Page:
Vaden Earle, a Holiday Hero

  • Downhome Magazine
  • Posted: Feb 21, 2011 5:26 PM
Vaden Earle met this little girl in a Dominican garbage dump in 2007. He and his wife Christal are now trying to adopt her.

"Voluntourism" is a form of travel that has been gaining momentum in recent years. Instead of spending their vacation sunbathing on a beach or relaxing at a spa, voluntourists use their holiday time to aid in humanitarian efforts around the globe. And Vaden Earle, formerly of Griquet, Newfoundland, is helping people do just that. He founded Ontario-based non-profit organization Absolute Leadership Development in 2000, which arranges "Hero Holidays" for this growing band of noble tourists. Downhome tracked down Vaden recently and asked him a few questions about his organization and the concept of voluntourism.

DH: Why did you decide to start Hero Holiday?

VE: I wanted to create an opportunity for average, everyday North American high school students to see outside themselves and into the life of someone else. I wanted them to grasp the concept that by helping to change someone's life, they, in the end, are helping and changing themselves. It was ultimately inspired by a little Cambodian girl named Sukan. She is an eight year-old Cambodian girl, sold by her parents to help pay the expenses of raising the rest of their family. (Read more about Sukan's tragic life in Vaden's book, One: a Face Behind the Numbers).

DH: What kind of person do you have to be to go on a Hero Holiday or go to a developing country to help others in need?

VE: There's no specific kind of person that's required to go on one of our Hero Holiday trips or to go to a developing country. As long as you're someone who wants to help, in any capacity, you're welcome to join us. We literally have all types from troubled teens to executives.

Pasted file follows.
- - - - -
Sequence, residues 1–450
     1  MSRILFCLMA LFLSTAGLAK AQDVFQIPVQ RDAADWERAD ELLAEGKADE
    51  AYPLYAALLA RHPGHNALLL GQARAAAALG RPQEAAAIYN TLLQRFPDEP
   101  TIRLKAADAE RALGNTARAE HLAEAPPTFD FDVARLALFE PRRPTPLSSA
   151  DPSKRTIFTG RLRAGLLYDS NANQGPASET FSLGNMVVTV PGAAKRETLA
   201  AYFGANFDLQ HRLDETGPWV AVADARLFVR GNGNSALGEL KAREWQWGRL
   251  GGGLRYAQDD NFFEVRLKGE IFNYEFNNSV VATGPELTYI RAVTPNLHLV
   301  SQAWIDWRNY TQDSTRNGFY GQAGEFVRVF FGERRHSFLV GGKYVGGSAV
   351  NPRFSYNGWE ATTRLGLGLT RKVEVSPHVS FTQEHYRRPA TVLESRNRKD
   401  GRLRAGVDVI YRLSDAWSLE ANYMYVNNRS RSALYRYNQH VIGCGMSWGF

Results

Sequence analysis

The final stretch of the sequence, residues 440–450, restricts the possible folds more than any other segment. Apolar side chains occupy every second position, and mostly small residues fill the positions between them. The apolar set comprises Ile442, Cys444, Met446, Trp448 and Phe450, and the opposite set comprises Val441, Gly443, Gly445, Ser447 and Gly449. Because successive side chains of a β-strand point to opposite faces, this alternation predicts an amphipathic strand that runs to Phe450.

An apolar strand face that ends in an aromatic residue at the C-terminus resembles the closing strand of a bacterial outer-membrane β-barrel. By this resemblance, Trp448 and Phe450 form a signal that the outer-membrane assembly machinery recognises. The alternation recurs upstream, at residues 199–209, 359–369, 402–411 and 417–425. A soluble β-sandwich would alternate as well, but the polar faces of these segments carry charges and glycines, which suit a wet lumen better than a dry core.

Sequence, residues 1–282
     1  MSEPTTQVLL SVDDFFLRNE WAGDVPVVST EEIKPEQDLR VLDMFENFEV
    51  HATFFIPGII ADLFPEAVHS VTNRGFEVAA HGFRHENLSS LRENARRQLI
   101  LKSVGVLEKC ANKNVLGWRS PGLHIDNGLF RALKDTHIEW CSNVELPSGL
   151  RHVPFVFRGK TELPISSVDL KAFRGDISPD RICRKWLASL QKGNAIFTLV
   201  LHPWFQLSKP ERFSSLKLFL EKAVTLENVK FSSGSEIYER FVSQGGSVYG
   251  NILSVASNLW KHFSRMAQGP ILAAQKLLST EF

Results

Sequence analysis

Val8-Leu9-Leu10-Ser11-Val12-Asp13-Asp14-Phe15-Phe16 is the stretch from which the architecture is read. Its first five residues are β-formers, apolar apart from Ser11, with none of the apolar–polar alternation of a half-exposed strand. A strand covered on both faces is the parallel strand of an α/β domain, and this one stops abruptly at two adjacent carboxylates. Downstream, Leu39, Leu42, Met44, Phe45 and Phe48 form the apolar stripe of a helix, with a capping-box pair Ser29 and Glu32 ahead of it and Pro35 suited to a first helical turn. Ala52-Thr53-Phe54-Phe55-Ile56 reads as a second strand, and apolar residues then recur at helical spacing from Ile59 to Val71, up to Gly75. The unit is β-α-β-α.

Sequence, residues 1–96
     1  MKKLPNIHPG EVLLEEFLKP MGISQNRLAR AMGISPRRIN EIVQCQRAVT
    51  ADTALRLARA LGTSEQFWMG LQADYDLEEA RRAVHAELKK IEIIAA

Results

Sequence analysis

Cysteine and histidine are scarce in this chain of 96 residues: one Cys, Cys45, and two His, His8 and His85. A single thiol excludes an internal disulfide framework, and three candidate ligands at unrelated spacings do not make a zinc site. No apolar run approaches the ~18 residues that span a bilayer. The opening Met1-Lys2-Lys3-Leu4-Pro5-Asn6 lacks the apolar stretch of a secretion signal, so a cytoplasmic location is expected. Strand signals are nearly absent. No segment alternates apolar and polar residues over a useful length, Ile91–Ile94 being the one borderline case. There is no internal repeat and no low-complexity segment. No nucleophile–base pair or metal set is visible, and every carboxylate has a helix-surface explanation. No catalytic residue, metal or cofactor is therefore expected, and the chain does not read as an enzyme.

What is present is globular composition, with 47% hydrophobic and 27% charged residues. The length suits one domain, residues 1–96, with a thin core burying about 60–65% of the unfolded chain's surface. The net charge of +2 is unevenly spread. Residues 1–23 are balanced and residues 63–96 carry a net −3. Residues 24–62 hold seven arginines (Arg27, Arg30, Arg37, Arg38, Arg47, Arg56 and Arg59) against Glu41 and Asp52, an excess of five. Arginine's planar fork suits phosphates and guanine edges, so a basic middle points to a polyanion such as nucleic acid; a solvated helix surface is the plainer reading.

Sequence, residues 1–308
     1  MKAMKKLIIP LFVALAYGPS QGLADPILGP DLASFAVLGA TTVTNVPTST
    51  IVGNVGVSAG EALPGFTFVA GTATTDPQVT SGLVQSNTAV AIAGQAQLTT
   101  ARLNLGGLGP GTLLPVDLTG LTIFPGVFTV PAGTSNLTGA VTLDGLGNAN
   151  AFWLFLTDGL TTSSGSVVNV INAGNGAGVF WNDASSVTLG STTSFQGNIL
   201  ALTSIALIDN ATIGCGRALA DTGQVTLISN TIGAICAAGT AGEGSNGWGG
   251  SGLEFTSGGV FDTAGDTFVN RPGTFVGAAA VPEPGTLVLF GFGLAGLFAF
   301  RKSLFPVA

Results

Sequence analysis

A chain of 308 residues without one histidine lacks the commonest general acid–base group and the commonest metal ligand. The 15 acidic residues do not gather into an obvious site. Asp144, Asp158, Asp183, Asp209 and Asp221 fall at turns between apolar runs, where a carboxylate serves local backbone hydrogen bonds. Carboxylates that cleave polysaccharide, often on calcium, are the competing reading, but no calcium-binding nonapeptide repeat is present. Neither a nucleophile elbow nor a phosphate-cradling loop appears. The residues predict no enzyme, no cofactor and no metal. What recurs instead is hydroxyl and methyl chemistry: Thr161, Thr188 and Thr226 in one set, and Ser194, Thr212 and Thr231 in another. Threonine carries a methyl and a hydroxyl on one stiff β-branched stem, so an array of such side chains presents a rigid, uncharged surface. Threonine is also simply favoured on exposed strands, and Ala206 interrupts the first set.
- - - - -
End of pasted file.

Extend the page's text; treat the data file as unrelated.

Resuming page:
DH: There are some that are of the opinion that voluntourism isn't really a good concept. What do you think about this, and why should people consider voluntourism as a way to help others in need?

VE: No one can dismiss the fact that we're doing something tangible in these people's lives. Most of them live on less than a dollar a day and don't have the opportunities and/or resources to help themselves. So to show up and provide a proper home for them, a school for their children to attend, sponsorships for their children to attend those schools - and with that hope for their children's futures, medical aid, etc - if by that you mean we aren't doing anything significant in these people's lives than you shouldn't come on one of these trips. Continue to donate your money and we'll gladly continue our work. The other thing that the skeptics miss is that many people come home and become advocates in other changes, giving back, educating themselves etc. The benefits do not end at the trip.

DH: Is there a way to distinguish between good voluntourism opportunities, and those that might be trying to take advantage by pulling on people's heartstrings?

VE: The only way to distinguish between the two is to do your research. Call up the organizations you're looking into and ask questions; get references from them from people who have volunteered with them in the past; ask different organizations who do similar work for their opinion on the organization that you're looking into, etc. Also, all registered charities have to submit their financials to CRA. Usually you can tell a lot about an organization by where they spend their money.

Find out more about Vaden's work with Absolute Leadership Development and the Hero Holiday program by clicking here.